The Jihad in France
According to French Interior Minister Claude Guéant, the similarities between the assassination of soldiers in Toulouse and Montauban and the eerie butchery at Ozar Hatora were "compelling." Moreover, investigators established that the criminal used the same weapon, a World War II 11.43 gun, in all three instances. What remained unclear, according to police, was the number of killers and whether they had received support from a larger criminal network. Motive also remained a mystery.
For 48 hours, many speculated about a neo-Nazi psychopath, some sort of French Tim McVeigh or Anders Breivik. What seemed to encourage this view was the fact that the shooter targeted only non-Caucasian soldiers and Jews and that a neo-Nazi network had been investigated and prosecuted among the Montauban military four years ago.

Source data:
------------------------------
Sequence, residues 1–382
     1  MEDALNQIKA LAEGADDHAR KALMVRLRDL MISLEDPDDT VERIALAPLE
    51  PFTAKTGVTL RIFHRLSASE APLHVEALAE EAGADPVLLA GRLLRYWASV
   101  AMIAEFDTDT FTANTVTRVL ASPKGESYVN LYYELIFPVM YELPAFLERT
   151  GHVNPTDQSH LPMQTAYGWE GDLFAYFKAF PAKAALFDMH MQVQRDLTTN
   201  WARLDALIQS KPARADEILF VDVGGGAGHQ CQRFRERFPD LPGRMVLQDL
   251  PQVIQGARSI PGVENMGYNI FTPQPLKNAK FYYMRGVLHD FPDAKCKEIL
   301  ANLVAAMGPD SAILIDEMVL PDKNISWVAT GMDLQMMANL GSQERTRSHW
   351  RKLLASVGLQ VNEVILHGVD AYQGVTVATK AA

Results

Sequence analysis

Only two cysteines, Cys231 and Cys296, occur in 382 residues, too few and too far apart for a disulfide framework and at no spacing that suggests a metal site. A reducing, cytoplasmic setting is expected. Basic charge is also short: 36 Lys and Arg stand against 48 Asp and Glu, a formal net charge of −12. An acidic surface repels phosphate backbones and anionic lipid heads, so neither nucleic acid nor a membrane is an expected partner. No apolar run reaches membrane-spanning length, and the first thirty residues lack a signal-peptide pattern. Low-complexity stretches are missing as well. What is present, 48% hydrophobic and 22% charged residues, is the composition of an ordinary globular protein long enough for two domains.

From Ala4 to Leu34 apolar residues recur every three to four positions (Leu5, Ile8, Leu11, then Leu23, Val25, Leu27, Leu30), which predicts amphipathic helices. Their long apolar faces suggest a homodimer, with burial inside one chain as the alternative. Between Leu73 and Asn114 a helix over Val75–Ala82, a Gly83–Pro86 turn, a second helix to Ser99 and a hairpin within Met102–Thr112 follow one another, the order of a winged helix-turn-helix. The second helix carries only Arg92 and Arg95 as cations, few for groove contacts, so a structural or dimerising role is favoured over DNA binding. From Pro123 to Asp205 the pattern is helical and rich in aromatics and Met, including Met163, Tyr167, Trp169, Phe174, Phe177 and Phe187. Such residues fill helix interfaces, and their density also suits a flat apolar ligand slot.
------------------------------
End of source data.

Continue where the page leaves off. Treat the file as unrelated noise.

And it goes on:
In fact, the police already knew their suspect: one single killer, a jihadist. The man -- Mohammed Merah, a French citizen of Algerian origin -- was not even hiding. Confident that police sought a neo-Nazi, he stayed at his unassuming home in Toulouse. Tuesday evening, the Raid huntsmen and dozens of other police personnel circled the building. At 3:00 AM they tried to apprehend him alive. He fired on them, wounding two. By 6:00 PM local time, the police expect him to surrender soon.
According to various sources, Merah is primarily a thief who grew radicalized by jihadists while incarcerated. After jail he traveled to Pakistan and possibly Afghanistan, where he received first class combat training. While negotiating with the police on Wednesday, he claimed to belong to al-Qaeda. That may be true or not. Little doubt remains, however, that his systematic murders of French soldiers (especially Muslim French soldiers, seen as renegades) and Jews (including children) fit with jihadist and al-Qaeda ideology, strategy, and tactics.